Blogger Liz Maverick said...

Hey, Jason. Nice to see you again. Yeah, had I known that wearing a short skirt and pink striped thigh high socks to a conference of romance writers meant said professional romance writers would rise up en masse and call me an unprofessional crack-whore, pedophile baiter, and prostitute, I most certainly would have worn the yellow striped ones. ;)

God, I'm looking forward to Comic Con.

Anyhow, hope your book is selling like crazy!


Liz Maverick

P.S. An "unprofessional crack-whore" That's actually funnier than I realized.

8:16 PM  
Blogger Spy Scribbler said...

I come down on the 'to wear' side, definitely. First, Sherrilyn's attire is definitely appropriate for her work and her brand. Fans expect it. The knickers were cute, but I didn't realize they were a gimmick. I passed them in the hall and thought 'cool.'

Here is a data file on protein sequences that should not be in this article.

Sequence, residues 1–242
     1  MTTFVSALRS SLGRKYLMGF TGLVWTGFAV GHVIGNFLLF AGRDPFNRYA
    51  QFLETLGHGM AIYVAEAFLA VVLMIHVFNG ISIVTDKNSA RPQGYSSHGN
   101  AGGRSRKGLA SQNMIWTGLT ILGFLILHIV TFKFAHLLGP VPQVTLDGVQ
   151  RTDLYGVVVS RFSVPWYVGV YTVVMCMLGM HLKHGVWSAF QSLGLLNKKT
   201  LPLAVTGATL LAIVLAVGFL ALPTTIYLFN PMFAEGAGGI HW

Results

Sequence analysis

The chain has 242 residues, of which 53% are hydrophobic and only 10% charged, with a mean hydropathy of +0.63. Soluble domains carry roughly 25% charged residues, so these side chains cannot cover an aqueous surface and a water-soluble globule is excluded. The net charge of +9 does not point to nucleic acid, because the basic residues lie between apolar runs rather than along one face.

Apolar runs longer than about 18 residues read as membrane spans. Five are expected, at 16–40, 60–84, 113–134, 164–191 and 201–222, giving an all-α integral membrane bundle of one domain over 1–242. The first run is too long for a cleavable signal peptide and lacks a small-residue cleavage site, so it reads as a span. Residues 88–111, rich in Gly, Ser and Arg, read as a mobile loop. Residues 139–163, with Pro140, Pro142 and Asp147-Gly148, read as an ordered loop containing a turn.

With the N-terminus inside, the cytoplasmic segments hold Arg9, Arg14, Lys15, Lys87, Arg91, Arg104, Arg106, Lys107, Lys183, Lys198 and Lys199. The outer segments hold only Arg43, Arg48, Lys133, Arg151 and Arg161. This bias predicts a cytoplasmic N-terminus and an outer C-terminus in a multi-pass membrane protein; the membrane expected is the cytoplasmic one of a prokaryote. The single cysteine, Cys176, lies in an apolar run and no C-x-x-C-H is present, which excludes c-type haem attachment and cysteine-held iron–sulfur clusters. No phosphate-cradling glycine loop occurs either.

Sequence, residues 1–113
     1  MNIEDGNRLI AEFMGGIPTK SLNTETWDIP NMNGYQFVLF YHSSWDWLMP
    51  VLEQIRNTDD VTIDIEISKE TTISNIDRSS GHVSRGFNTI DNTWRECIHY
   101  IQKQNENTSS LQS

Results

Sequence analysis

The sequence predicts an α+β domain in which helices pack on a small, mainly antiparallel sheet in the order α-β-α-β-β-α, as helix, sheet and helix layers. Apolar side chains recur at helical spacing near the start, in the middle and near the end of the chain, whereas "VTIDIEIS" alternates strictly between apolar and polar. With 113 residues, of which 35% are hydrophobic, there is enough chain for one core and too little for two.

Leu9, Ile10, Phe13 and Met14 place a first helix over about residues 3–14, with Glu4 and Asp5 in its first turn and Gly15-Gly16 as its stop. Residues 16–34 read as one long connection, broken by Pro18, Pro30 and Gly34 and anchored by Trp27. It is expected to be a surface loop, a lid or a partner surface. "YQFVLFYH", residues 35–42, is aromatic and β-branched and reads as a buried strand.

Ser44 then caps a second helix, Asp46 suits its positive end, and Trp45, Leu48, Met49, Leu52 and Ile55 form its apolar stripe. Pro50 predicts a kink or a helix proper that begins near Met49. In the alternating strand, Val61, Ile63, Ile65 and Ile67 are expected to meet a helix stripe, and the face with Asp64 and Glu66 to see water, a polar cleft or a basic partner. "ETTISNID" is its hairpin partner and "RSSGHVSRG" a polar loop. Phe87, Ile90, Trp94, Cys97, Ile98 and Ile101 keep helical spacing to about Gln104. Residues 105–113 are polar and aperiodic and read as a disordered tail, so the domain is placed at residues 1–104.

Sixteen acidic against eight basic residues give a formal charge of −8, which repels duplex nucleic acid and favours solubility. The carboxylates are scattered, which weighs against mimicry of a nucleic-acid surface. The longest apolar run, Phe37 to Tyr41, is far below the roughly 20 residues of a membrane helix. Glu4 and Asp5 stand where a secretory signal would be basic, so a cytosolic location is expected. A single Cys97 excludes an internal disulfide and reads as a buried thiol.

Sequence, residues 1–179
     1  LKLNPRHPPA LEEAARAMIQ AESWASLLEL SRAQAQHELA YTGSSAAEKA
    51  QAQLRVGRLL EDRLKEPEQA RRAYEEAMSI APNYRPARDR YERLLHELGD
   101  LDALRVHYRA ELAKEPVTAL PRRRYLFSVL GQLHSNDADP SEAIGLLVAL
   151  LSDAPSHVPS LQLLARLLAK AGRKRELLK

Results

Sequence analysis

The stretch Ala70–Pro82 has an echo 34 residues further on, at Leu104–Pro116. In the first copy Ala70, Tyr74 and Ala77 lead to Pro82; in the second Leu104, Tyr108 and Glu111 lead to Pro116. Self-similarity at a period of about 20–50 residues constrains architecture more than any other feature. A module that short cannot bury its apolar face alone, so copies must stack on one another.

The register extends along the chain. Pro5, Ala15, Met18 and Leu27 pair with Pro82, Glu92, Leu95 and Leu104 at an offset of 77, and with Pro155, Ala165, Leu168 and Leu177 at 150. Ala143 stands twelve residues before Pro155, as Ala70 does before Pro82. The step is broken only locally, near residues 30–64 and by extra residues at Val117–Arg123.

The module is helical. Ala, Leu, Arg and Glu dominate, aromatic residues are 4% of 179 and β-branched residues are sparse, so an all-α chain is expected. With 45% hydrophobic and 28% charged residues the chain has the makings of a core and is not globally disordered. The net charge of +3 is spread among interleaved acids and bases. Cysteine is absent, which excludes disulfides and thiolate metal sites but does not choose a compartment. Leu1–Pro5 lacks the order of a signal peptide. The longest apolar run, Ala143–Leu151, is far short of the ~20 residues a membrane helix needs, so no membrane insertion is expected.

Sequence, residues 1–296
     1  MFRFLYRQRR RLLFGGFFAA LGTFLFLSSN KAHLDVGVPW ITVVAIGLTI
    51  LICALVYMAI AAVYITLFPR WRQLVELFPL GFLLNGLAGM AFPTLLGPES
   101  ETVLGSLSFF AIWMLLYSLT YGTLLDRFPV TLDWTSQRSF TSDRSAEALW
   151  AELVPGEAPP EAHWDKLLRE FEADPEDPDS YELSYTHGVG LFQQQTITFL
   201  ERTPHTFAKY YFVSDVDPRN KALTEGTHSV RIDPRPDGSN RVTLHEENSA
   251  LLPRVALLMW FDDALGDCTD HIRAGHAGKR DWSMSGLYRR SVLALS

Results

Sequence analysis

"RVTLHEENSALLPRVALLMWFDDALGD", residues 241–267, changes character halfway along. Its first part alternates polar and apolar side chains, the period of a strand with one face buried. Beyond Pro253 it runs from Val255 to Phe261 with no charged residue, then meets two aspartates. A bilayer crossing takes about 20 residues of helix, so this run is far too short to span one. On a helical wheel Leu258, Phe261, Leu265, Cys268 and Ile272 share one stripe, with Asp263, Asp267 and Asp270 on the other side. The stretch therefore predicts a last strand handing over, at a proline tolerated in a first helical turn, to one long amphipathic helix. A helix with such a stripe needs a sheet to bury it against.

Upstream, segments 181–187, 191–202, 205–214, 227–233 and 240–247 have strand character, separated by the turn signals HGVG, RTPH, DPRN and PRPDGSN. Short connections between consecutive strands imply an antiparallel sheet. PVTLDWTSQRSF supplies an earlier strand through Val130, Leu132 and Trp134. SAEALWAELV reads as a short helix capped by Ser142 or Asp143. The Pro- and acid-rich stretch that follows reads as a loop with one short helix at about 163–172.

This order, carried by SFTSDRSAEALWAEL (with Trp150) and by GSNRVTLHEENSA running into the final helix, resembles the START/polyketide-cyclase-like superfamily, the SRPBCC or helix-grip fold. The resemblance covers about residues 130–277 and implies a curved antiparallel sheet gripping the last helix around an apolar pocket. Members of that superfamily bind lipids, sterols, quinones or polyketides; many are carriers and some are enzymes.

As far as Nora goes, I do have to say that she wore the coolest shoes ever.

As far as the debate goes? Um ... who cares? Wear what's you. Wear what makes you feel good. Clothes are an expression of oneself.

Down with the dress code!

8:19 PM  
Blogger Liz Maverick said...


It's something I've been unable to articulate so I didn't even try in the midst of the firestorm, but it was and wasn't a gimmick. It was and wasn't a costume. It just was...and it also wasn't. I was just being me in a marketing sort of way.

That being said, Jason I personally don't see what's wrong with doing what you want/need to promote your books--gimmick or no gimmick--especially if you do not have publisher support doing it for you.

Half the time the publicity departments don't even respond to calls or emails from random authors at my level in the midlist. It's all well and good to write a great book, but if nobody has heard of you, nobody sees the book, and nobody has a reason to look...well, there's the problem.

Wired is my seventh full-length novel. I doubt that a solid 50% or higher of the people who found out about me after my thighs became a national crisis could have named one of them in spite of the acclaim some of them have received. (Alas.) Maybe they can now.


Liz Maverick, now feeling pressured to maintain a consistent, unoffensive amount of cellulite